There is one more thing you can do. It is a lot of fun, but also a serious challenge: Click on the rook icon below the notation window. This will allow you the play the above position against Fritz, at your level of playing strength (e.g. "Club Player"), right here on the news page. Note that your analysis, in which you can delete, move or promote lines, is stored in the notation as new variations. In the end you will find the game with your analysis in the cloud. So nothing is ever lost.

About the winner

Kevin Cotreau, 58, is from Merrimack, NH. He has been a USCF Master for more than 30 years, and a three-time New Hampshire State Chess Champion. He was in the U.S. Air Force for eight years as a Russian linguist from 1980-1988, which can be handy as a chess player.

Kevin bought his first computer, a 486/50, back in 1991 – specifically to run ChessBase. "I really enjoyed learning about computers," he says, "I guess you could say that ChessBase is the reason I have a career now, as it steered me into my chosen field: I have been primarily self-employed as a computer network consultant since (I am actually a lot better at computers than I ever was at chess)."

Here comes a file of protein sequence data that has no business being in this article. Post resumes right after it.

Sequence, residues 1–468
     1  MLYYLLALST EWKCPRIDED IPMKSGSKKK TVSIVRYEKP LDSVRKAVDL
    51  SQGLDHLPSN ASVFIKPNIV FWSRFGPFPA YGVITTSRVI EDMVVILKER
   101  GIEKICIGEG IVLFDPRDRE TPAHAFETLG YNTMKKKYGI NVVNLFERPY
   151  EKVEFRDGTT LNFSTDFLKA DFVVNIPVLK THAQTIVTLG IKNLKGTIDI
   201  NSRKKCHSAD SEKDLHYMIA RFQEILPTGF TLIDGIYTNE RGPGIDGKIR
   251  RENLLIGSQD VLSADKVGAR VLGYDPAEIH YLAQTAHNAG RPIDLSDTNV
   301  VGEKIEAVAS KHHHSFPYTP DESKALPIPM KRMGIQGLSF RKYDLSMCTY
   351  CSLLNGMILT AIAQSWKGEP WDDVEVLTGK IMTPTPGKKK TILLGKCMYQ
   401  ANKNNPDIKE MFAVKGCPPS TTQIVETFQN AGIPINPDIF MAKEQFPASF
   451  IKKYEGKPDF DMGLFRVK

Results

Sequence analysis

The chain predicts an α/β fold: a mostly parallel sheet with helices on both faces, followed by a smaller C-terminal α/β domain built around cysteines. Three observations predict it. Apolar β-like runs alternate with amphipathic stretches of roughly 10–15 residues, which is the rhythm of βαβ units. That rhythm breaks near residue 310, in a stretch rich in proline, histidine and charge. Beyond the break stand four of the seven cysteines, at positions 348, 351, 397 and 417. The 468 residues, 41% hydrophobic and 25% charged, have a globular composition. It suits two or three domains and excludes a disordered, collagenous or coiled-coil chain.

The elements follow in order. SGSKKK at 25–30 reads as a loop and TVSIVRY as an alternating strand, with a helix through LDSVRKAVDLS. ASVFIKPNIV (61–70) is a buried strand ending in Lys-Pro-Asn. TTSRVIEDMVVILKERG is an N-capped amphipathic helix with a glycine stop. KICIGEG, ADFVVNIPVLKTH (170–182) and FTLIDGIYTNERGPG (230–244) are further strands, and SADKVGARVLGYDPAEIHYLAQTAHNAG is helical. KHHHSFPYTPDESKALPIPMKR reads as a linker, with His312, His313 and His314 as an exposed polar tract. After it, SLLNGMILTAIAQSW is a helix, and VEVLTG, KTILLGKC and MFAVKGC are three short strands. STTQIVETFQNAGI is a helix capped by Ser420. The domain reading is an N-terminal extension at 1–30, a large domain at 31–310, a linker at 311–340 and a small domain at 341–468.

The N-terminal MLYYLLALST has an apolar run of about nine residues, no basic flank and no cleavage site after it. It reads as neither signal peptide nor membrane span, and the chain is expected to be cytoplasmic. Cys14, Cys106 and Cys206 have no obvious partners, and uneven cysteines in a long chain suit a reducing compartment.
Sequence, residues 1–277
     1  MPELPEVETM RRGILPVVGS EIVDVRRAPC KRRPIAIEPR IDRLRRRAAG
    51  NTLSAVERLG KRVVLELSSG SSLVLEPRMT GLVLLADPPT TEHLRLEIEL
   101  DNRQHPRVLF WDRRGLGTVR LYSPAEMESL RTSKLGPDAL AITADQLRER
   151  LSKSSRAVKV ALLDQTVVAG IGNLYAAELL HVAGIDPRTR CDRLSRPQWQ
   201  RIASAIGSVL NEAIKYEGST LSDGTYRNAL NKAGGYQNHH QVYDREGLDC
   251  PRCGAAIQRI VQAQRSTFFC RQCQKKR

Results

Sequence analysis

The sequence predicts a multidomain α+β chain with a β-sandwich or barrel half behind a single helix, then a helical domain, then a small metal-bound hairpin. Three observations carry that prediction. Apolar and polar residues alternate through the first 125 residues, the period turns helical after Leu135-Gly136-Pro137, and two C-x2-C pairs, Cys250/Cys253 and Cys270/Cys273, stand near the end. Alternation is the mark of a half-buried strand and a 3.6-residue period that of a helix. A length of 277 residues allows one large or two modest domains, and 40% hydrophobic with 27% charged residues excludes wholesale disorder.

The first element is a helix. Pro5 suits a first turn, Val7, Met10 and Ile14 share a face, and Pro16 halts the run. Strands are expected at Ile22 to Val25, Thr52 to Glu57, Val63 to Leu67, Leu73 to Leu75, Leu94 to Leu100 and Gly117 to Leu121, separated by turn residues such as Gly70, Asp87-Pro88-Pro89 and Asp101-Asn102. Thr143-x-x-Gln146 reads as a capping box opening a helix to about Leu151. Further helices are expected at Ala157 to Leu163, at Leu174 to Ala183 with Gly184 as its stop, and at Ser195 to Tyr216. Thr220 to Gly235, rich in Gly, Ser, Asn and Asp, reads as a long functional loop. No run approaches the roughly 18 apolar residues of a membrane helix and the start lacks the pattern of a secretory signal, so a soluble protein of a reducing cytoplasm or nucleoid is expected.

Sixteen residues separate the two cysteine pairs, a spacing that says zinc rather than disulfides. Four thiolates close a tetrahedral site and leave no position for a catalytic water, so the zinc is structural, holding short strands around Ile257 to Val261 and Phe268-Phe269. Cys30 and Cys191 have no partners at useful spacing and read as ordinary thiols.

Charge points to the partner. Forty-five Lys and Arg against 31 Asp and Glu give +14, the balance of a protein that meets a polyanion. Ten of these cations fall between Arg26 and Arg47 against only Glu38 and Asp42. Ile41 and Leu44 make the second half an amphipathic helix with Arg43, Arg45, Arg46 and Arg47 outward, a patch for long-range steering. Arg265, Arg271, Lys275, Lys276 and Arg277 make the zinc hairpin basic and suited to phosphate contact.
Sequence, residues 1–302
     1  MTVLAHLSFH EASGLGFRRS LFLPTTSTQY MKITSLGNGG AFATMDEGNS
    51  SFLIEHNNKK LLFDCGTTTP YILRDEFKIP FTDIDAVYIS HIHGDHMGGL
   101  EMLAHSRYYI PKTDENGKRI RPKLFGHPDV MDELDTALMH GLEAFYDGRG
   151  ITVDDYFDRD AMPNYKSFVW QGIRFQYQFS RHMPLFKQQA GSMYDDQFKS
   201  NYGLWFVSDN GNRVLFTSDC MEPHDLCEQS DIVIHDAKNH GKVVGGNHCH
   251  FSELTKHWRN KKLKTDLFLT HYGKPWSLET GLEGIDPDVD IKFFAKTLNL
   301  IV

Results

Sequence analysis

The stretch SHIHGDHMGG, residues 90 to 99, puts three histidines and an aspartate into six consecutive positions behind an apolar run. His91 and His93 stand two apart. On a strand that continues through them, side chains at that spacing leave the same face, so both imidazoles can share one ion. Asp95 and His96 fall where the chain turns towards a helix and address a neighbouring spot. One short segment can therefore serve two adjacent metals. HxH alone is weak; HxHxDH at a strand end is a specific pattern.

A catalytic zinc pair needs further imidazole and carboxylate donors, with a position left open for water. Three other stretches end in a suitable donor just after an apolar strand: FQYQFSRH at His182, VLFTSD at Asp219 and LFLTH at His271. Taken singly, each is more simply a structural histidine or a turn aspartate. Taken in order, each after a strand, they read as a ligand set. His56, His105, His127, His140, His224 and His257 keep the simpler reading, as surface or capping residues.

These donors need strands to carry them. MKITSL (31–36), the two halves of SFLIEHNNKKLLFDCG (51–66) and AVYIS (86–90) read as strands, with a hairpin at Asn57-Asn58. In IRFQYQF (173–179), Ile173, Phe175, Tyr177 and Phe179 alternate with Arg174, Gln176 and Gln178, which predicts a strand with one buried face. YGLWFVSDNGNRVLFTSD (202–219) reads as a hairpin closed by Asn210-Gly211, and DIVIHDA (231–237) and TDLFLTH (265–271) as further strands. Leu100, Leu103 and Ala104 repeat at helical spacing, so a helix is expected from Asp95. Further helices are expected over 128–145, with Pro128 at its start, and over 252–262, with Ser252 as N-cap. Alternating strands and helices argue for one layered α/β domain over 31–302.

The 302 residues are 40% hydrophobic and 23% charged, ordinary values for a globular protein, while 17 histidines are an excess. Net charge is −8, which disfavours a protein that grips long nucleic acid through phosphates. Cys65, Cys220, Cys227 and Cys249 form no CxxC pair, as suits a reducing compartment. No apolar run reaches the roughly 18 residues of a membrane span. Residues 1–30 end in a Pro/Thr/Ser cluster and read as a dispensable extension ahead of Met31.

Well, what happened to his chess? "One year after my last state championship in 2003, my only child, a fantastic daughter, came along, and I focused on being a great dad. Only last year did I start playing tournaments again. It was a rough start (rust and age), but I have done better in each of successive tournament. I am attaching one recent game that was maybe my best game ever, if you are interested." Indeed we are: